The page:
What you believe is to be true might be at great variance from the facts. Perhaps in a few years we'll know more facts about what actually happened.
    Fair enough...

    You don't actually know that he was in anyone's grasp. You still seem to be running with your beliefs.
    Beliefs based on atleast two documentaries on OBL and two books I've read ("Return of the Empirial Presidency" and "Your Government Failed You") that state the same thing - OBL was in the hills of Tora Bora and the GW Bush administration for whatever reason let him slip threw the cracks. That's not my belief; it is fact.

    You really needn't concede anything. If the rights of terrorists are more important than the possibility of saving innocent lives then you can stick to that belief. If I am in command I'd use every means at my disposal in order to save the lives of innocents. Booth beliefs are common enough and there is room for both.
    Let's no play the "peace-nik" card here. You didn't read anything I've posted that said terrorist get a pass for their terrorist acts nor that NATO is the "be-all/end-all" of U.S. foriegn policy/military affairs. So, get off that tip. I don't believe terrorist desereve having their Maranda Rights read to them any more than I believe enemy combatants deserve to be treated in the harshest manner imaginable. However, I do believe that if you as a nation sign treaties that condem torture (Re: Geneva Convention) you simply should not practise it. That said, I have no problem with "rendition".

    Those blessed with 20/20 hindsight are often silent during times of crisis.
    I fail to see what this has to do with that portion of my commentary stated above (post #671). Perhaps you can elaborate...

    [Yes. it might have taken longer and more innocent people might have died. Are you for taking action when he is within NATO's grasp or are you for taking a bit longer?
    Again, what does NATO have to do with this or any aspect of the War on Terror where the U.S. military and our counterintelligence is concerned? To answer your questions, I'm always for getting the job done in the most expeditious way possible. To put this in perspective, folks still debate dropping the H-Bomb on Japan...TWICE! I have no problem with it because it forced their unconditional surrender. We've "paid" for it ever since, though. There are always consequences to one's actions whether we can foresee them or not.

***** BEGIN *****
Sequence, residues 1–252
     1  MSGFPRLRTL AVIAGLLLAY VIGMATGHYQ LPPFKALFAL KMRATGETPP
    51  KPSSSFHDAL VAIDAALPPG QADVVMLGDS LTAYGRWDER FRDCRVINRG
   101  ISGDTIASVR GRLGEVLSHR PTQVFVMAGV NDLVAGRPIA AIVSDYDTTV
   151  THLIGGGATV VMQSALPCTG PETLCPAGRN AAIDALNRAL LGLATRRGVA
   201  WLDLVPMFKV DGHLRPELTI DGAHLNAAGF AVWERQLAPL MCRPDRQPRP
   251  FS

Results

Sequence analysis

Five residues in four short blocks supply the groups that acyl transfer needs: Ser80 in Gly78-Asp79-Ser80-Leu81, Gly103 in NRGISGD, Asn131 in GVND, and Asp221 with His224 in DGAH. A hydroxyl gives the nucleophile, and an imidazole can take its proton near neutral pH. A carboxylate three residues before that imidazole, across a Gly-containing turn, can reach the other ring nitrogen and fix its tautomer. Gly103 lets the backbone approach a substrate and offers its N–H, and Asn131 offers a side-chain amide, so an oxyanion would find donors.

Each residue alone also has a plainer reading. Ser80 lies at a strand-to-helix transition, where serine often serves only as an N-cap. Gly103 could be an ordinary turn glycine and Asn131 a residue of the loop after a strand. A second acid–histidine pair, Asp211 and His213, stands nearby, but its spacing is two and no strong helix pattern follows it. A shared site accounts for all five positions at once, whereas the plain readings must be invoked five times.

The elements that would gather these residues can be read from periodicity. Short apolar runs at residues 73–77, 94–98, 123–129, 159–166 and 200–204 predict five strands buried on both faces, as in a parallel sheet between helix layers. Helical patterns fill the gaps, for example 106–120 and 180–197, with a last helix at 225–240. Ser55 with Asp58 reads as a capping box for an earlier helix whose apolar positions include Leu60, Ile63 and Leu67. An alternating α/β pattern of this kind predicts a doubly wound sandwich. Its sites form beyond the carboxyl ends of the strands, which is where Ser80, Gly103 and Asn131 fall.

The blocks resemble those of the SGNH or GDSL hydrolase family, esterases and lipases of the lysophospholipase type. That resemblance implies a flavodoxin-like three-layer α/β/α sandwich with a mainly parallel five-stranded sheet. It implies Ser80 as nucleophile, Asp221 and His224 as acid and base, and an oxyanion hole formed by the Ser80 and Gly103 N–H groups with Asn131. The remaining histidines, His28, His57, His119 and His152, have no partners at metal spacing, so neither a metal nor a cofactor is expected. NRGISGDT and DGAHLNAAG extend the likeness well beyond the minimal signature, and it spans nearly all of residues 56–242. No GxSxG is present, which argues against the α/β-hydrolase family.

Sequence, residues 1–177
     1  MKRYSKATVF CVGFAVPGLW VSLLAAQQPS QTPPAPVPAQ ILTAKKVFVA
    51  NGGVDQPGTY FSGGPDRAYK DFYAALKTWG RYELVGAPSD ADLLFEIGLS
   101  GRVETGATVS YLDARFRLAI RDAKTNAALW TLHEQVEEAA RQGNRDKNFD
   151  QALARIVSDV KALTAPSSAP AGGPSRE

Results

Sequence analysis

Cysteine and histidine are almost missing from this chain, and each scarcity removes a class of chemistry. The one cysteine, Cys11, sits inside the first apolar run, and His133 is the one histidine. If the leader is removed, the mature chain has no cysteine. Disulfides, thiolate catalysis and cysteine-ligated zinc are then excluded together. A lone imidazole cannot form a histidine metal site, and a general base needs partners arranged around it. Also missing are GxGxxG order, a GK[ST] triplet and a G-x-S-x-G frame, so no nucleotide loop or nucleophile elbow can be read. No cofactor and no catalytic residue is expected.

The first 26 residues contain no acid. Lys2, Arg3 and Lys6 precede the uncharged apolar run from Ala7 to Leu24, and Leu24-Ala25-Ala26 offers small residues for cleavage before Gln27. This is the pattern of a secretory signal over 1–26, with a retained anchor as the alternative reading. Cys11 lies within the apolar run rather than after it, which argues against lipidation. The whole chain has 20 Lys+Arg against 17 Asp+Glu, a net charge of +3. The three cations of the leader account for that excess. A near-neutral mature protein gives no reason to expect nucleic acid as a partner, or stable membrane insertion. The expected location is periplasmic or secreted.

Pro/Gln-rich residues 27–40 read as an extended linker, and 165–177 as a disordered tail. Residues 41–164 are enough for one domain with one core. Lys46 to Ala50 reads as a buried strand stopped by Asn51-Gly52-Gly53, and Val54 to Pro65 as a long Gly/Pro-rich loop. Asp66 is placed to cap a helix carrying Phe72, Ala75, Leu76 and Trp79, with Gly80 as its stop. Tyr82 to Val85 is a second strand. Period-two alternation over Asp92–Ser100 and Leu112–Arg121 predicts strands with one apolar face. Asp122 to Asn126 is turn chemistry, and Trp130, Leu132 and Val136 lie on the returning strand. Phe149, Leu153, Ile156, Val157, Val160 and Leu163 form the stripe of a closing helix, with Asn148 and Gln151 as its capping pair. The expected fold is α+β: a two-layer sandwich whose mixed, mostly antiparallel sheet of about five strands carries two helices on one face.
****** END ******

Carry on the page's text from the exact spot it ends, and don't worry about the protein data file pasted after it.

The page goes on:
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    Re: Osama Bin Laden is dead

    Quote Originally Posted by Objective Voice View Post
    Fair enough...



    Beliefs based on atleast two documentaries on OBL and two books I've read ("Return of the Empirial Presidency" and "Your Government Failed You") that state the same thing - OBL was in the hills of Tora Bora and the GW Bush administration for whatever reason let him slip threw the cracks. That's not my belief; it is fact.



    Let's no play the "peace-nik" card here. You didn't read anything I've posted that said terrorist get a pass for their terrorist acts nor that NATO is the "be-all/end-all" of U.S. foriegn policy/military affairs. So, get off that tip. I don't believe terrorist desereve having their Maranda Rights read to them any more than I believe enemy combatants deserve to be treated in the harshest manner imaginable. However, I do believe that if you as a nation sign treaties that condem torture (Re: Geneva Convention) you simply should not practise it. That said, I have no problem with "rendition".



    I fail to see what this has to do with that portion of my commentary stated above (post #671). Perhaps you can elaborate...



    Again, what does NATO have to do with this or any aspect of the War on Terror where the U.S. military and our counterintelligence is concerned? To answer your questions, I'm always for getting the job done in the most expeditious way possible. To put this in perspective, folks still debate dropping the H-Bomb on Japan...TWICE! I have no problem with it because it forced their unconditional surrender. We've "paid" for it ever since, though. There are always consequences to one's actions whether we can foresee them or not.
    That's an opinion, not a fact. There's proof that Bush intentionally, "let him slip threw the cracks".

    What is a fact, is that UBL was seen, on horseback, at Tora Bora about 60 seconds before we carpet bombed the area. If he got out, it was nothing more than luck.

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    Re: Osama Bin Laden is dead

    Quote Originally Posted by apdst View Post
    That's an opinion, not a fact. There's proof that Bush intentionally, "let him slip threw the cracks".

    What is a fact, is that UBL was seen, on horseback, at Tora Bora about 60 seconds before we carpet bombed the area. If he got out, it was nothing more than luck.
    I believe you meant "There's no proof." Just for clarification.
    Nobody who wins a war indulges in a bifurcated definition of victory. War is a political act; victory and defeat have meaning only in political terms. A country incapable of achieving its political objectives at an acceptable cost is losing the war, regardless of battlefield events.

    Bifurcating victory (e.g. winning militarily, losing politically) is a useful salve for defeated armies. The "stab in the back" narrative helped take the sting out of failure for German generals after WWI and their American counterparts after Vietnam.

    All the same, it's nonsense. To paraphrase Vince Lombardi, show me a political loser, and I'll show you a loser.